Saturday, 28 March 2009
Book Review: The Conjuror's Bird by Martin Davies
Genre: Historical FictionPublished by: Hodder & Stoughton (2005)Pages: 306
Synopsis: It seems a long time ago that Fitz and Gabby were together, with his work on extinct species about to make him world-famous. Now, it's his career that is almost extinct. Suddenly, though, the beautiful Gabby reappears in his life. She wants his help in tracing the history of The Mysterious Bird of Ulieta, a creature once owned by the great 18th Century naturalist Joseph Banks. It soon becomes clear that Fitz is getting involved in something more complicated - and dangerous - than the search for a stuffed bird. To solve the puzzle, he must uncover the identity of the amazing woman Banks loved - a woman who has disappeared from history as effectively as the specimen he is hunting.
The book has two parallel stories, separated by almost 300 years. The 1700's story gave you a real feel of how difficult and different life was for a young woman with no prospects at that time, and how dependent they were on men looking after them. This contrasts sharply with both Katya and Gabby, the two very independent women in the present time who face no such problems.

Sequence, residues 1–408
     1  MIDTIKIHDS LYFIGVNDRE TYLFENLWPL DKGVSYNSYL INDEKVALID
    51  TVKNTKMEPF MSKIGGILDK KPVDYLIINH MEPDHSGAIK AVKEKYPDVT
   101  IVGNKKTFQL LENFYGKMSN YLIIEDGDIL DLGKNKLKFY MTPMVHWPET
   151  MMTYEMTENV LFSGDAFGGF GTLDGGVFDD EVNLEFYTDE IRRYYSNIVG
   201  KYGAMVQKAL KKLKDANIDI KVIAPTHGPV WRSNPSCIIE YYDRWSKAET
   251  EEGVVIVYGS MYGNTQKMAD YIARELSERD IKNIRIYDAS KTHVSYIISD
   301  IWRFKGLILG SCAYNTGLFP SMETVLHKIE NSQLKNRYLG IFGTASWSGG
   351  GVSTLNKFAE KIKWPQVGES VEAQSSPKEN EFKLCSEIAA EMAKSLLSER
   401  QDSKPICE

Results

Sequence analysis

Alternate chapters effortlessly blended into each time line with ease so you didn't feel as if you were getting confused.
Combined with an usual mystery about a stuffed bird this is a lovely mix of history (Captain Cook's voyages) with a little romance........who was the mysterious woman in the woods that Joseph Banks becomes captivated by? And how is she connected to the missing bird?
Martin Davies slowly and tantalisingly reveals the connection between the different eras without giving too much away too soon.
This is an enjoyable mystery with a difference - not just for ornithologists!
First Line: "That Thursday evening I was working late, removing the skull of a dead owl"
Favourite Line: "The cage-reared bird will always partly fear the sky"
What I Liked about this book: How Martin Davies skilfully ended each chapter on a cliff-hanger
What I didn't Like: It was a little slow in the middle